To Know yourself, and to know the nature of human beings, is
of great importance; so important that the seven sages of
Greece made it their chief maxim at Delphi.
There was no greater knowledge than self-knowledge; to
know every inch of your character and mind. You cannot
hope to live with virtue or reason if you do not know who you
are; your strengths, your weaknesses, what makes you tick.
Without this inner dialogue or knowledge of what
influences your thoughts and actions, you cannot control your
In the same way you cannot read or be guided by the
stars unless you know and study them; watching how
they move and what courses they take. We cannot guide
ourselves unless we study our minds, especially the emotions
that influence our thoughts and motivate our actions.
Many ancient thinkers believed that you could learn more
from studying other people and yourself than you could from books. The ancient Cynics (who had a deep influence on early Stoicism) always began their apprentices philosophical training with ruthless self scrutiny and examination.
You can imagine them now looking out across the landscape and telling their students the answers were not out there, instead tapping their heads and saying "but in here". You too must look inwards.
Thomas Hobbes said it best: "whosoever looketh into himself and considereth what he doth when he does think, opine, reason, hope, fear, and upon what grounds; he shall thereby read and know what are the thoughts and passions of all other men upon the like occasions".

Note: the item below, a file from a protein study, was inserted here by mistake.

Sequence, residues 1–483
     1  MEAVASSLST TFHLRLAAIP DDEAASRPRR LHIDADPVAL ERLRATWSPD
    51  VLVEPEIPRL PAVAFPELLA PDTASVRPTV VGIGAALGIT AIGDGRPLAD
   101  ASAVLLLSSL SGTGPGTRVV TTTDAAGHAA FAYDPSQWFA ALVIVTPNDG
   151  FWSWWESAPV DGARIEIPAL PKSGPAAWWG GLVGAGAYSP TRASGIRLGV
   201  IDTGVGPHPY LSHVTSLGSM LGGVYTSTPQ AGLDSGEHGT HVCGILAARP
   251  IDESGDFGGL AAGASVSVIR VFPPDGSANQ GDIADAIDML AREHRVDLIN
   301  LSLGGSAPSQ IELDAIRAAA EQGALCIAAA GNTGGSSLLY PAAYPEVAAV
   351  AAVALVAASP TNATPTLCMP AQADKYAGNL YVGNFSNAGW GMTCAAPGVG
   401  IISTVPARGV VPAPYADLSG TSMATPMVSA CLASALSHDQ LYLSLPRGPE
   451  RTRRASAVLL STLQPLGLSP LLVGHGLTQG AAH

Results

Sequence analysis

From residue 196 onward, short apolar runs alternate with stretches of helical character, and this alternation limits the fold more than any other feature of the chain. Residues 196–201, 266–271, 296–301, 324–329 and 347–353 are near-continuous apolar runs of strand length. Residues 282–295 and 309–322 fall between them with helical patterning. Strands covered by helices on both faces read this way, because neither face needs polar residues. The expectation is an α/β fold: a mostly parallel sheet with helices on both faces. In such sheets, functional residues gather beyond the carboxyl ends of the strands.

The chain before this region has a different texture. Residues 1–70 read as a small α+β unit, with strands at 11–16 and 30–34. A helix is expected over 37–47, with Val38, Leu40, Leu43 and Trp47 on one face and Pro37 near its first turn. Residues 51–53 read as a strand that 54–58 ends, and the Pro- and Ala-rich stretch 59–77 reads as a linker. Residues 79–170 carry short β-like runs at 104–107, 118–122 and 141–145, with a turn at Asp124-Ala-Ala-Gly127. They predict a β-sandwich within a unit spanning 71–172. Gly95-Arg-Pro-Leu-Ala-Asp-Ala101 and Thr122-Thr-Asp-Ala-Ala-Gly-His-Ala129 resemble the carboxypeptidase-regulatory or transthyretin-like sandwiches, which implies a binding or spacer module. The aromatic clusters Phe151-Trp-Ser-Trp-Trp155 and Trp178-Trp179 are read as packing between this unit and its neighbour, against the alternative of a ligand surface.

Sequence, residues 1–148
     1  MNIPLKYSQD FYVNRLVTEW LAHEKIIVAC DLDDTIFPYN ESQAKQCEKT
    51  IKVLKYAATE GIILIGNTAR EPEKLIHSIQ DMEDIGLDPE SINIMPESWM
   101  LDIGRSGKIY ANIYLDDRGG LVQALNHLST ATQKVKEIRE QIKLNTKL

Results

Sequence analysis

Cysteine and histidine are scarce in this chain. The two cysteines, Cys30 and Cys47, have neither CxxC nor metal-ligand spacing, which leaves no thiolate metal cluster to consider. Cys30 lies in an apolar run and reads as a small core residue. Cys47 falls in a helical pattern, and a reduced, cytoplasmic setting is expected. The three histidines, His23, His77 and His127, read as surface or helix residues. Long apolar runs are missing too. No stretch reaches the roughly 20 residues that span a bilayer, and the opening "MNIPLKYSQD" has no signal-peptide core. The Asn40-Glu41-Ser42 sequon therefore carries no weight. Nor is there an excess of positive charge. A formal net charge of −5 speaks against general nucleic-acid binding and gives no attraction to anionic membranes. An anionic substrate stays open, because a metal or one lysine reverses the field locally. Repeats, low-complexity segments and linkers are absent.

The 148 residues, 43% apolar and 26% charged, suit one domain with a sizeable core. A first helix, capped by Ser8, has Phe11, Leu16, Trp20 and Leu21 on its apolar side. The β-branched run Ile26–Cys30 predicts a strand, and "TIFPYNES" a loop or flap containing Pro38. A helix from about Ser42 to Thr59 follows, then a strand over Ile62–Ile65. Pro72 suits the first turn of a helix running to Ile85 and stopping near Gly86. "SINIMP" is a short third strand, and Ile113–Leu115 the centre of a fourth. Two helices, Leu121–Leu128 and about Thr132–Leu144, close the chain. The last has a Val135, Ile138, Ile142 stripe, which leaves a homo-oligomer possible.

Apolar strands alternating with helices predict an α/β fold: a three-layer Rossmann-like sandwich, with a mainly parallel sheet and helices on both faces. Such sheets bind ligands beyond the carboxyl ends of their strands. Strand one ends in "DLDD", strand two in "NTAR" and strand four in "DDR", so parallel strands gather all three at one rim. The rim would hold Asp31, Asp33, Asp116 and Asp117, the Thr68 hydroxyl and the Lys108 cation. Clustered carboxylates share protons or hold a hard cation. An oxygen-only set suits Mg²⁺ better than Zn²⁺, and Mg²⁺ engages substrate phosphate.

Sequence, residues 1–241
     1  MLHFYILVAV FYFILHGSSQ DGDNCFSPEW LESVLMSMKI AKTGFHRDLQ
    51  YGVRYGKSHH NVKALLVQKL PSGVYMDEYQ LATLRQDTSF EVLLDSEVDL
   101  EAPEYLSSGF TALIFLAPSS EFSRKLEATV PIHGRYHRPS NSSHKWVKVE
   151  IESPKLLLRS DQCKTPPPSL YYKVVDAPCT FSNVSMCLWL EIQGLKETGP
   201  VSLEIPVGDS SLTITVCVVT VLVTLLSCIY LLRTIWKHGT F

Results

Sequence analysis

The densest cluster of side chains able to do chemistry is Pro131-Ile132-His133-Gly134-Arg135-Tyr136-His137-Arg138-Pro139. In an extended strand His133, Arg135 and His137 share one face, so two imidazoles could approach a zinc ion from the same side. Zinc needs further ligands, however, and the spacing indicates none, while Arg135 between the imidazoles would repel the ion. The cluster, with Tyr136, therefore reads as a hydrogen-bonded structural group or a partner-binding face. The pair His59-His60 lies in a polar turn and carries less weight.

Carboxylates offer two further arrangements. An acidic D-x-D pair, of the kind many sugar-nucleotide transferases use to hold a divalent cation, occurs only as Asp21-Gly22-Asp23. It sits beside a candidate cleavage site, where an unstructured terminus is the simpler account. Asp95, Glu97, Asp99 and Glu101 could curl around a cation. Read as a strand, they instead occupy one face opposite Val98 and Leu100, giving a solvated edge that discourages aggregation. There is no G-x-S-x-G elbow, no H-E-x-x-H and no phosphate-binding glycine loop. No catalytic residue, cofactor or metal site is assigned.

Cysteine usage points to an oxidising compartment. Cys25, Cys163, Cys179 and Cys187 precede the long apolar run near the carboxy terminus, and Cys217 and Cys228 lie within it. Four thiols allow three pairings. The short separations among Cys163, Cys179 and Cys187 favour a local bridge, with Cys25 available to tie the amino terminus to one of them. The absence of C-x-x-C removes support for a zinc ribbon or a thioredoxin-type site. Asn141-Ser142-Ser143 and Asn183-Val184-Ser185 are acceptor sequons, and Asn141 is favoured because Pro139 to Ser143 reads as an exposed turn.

So proceed to look within; a good place to begin when trying to know thyself, is to know thy enemy.
This is mainly your flaws and/or weaknesses: the vices you don’t necessarily posses but ones you know you do not wish to embody. Knowing your enemy can clarify who you are and what type of person you want to be.
Questions and exercises to get you started
How well do I know myself?
What are my strengths and virtues?
What are my weaknesses and vices?
Does my life reflect who I am?
Am I being less than I could be?
Quotes to inspire
To men immersed day and night in the mediations comes understanding of the truth pronounced by the God at Delphi, that the mind should know itself. - Cicero.
To know thyself is the beginning of wisdom. - Aristotle
Dig within. There lies the fountain of good. It will keep bubbling to the surface so long as you dig. - Marcus.
Master oneself. Never waver in your resolve. - Marcus.
To begin with, then, you must purify your intellect by training your thoughts: disciplining the mind, turn your attention on yourself, examine your belief system. You mind should be purer than the sun - Anecdotes of the Cynics